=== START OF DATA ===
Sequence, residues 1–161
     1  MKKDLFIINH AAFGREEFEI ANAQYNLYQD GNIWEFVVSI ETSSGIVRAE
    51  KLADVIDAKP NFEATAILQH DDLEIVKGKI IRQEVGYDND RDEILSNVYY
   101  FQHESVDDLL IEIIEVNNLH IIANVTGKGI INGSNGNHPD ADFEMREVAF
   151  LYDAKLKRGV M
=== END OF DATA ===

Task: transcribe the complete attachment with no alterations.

Sequence, residues 1–161
     1  MKKDLFIINH AAFGREEFEI ANAQYNLYQD GNIWEFVVSI ETSSGIVRAE
    51  KLADVIDAKP NFEATAILQH DDLEIVKGKI IRQEVGYDND RDEILSNVYY
   101  FQHESVDDLL IEIIEVNNLH IIANVTGKGI INGSNGNHPD ADFEMREVAF
   151  LYDAKLKRGV M